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ABSTRACT: The authors sought to identify variables independently associated with full-time faculty appointment among recent medical graduates. With institutional review board approval, the authors developed a database of individualized records for six midwestern medical schools' 1997-2002 graduates. Using multivariate logistic regression, they identified variables independently associated with full-time faculty appointment from among demographic, medical-school-related, and career-intention variables. They report adjusted odds ratios (ORs) and 95% confidence intervals (CIs). Of 1,965 graduates in the sample, 263 (13.4%) held full-time faculty appointments in 2007-2008, including 14.4% (123/853) of women graduates and 8.6% (17/198) of underrepresented minority (URM) graduates. Women (OR: 1.386; 95% CI: 1.023-1.878), MD/PhD program graduates (OR: 2.331; 95% CI: 1.160-4.683), and graduates who reported a career-setting preference for "full-time university faculty" on the Association of American Medical Colleges' Graduation Questionnaire (OR: 3.164; 95% CI: 2.231-4.486) were more likely to have a full-time faculty appointment. Graduates who chose family medicine (OR: 0.433; 95% CI: 0.231-0.811) and surgical specialties (OR: 0.497; 95% CI: 0.249-0.994) were less likely to have a full-time faculty appointment. URM race/ethnicity was not independently associated with full-time faculty appointment (OR: 0.788; 95% CI: 0.452-1.375). Efforts to increase representation of women graduates in academic medicine seem to have met with greater success than efforts to increase representation of URM graduates. Greater participation of URM students in MD/PhD programs and in interventions during medical school that promote interest in academic medicine careers may increase URM graduates' representation in academic medicine.Academic medicine: journal of the Association of American Medical Colleges 07/2010; 85(7):1250-7. DOI:10.1097/ACM.0b013e3181e10159 · 3.47 Impact Factor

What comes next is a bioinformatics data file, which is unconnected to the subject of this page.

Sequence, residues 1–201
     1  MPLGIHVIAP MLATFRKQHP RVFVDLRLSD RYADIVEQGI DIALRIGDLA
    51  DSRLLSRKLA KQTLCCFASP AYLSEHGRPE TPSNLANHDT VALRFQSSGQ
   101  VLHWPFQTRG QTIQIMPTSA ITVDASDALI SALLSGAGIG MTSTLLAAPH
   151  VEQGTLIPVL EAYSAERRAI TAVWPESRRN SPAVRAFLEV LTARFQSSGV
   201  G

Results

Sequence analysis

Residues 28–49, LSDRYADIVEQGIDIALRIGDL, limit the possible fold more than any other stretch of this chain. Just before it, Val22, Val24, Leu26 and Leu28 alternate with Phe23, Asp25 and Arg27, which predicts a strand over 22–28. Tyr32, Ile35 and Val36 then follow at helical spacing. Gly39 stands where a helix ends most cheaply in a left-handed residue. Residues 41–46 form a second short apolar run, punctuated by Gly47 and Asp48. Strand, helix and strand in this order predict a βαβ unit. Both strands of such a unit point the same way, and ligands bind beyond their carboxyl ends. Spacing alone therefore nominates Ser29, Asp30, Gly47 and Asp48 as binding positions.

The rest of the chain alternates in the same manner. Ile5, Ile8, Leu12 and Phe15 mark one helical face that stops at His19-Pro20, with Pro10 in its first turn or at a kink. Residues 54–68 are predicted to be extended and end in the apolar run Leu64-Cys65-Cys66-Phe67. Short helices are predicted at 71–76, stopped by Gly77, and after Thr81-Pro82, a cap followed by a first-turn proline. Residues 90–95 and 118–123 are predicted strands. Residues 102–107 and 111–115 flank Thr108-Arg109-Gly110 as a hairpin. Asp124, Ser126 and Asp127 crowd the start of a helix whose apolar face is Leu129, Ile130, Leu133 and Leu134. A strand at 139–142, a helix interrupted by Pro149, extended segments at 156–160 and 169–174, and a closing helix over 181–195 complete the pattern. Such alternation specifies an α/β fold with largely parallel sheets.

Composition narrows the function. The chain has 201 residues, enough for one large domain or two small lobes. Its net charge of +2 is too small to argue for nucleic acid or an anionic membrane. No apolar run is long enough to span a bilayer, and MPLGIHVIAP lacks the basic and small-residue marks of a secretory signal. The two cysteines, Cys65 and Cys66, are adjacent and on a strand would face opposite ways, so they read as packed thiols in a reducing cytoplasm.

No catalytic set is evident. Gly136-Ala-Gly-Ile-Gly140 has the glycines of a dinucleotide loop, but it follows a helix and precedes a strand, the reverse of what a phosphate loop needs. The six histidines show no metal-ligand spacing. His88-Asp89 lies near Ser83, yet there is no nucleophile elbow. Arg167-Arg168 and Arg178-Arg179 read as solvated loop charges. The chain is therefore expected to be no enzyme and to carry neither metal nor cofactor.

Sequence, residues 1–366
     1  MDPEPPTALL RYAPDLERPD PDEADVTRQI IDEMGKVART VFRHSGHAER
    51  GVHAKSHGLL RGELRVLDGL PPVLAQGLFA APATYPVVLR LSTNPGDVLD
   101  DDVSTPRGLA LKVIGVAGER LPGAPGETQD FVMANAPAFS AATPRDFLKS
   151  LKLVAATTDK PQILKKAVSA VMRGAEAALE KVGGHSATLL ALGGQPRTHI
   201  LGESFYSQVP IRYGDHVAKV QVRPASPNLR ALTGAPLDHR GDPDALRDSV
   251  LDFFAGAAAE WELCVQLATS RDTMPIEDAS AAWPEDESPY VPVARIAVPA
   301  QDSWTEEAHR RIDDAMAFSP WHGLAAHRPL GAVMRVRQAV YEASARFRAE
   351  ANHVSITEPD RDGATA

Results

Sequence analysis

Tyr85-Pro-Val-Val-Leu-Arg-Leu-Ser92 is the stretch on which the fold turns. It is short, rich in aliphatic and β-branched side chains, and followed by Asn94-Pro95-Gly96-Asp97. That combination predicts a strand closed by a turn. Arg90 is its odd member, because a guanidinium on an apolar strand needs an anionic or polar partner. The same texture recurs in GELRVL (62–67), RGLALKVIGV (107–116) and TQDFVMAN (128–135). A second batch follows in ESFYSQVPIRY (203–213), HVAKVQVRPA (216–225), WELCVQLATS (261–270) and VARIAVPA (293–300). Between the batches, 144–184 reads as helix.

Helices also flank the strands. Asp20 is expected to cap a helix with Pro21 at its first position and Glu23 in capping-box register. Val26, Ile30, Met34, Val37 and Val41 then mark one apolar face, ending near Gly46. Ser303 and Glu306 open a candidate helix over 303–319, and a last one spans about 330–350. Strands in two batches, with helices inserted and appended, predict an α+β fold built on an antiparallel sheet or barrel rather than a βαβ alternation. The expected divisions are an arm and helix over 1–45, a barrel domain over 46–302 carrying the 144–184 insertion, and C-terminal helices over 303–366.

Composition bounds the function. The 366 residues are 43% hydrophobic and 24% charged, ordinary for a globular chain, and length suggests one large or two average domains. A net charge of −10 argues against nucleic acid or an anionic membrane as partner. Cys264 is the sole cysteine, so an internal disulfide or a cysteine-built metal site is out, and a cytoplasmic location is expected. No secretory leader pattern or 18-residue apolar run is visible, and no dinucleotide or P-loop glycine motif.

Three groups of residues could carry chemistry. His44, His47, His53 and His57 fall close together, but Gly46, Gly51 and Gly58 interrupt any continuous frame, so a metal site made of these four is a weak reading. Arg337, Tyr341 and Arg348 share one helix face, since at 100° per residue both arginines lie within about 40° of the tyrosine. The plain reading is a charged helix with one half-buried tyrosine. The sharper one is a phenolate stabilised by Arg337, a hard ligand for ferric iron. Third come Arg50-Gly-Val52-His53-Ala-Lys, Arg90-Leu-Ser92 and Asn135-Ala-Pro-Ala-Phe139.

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ABSTRACT: Many education research questions cannot be answered using participants from one institution or short periods of follow-up. In response to societal demands for accountability and evidence of effectiveness, new models of research must be developed to study the outcomes of educational activities. Following the 2007 Millennium Conference on Medical Education Research, organizers assigned a task force to explore the use of longitudinal databases in education research. This article summarizes the task force's findings. Similar to the Framingham studies in clinical medicine, longitudinal databases assemble prospectively collected information to retrospectively answer questions of interest. Many studies using such databases have been published. The task force identified three general approaches to database-type research. First, institutions can obtain identified information from existing sources, link it with school-specific information and other identified information, deidentify it, and merge it with similar information from other collaborating schools. Second, researchers can obtain from existing sources deidentified information on large samples and explore associations within this dataset. Third, investigators can design and implement databases to prospectively collect trainee information over time and across multiple institutions for the purpose of education research. Although costly, such comprehensive, purpose-built databases would ensure the availability of information needed to answer a variety of medical education research questions. Millennium Conference participants believed that stakeholders should explore the funding and development of such prospective databases. In the meantime, education researchers should use existing sources of individualized learner data to better understand how to develop competent, compassionate clinicians.Academic medicine: journal of the Association of American Medical Colleges 08/2010; 85(8):1340-6. DOI:10.1097/ACM.0b013e3181e5c050 · 3.47 Impact Factor